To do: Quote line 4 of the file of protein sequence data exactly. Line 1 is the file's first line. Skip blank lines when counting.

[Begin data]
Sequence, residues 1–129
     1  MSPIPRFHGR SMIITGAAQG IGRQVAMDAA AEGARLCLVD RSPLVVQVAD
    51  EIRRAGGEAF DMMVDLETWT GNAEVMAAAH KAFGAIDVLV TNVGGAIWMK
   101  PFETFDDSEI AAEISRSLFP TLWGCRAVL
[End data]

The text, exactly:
   101  PFETFDDSEI AAEISRSLFP TLWGCRAVL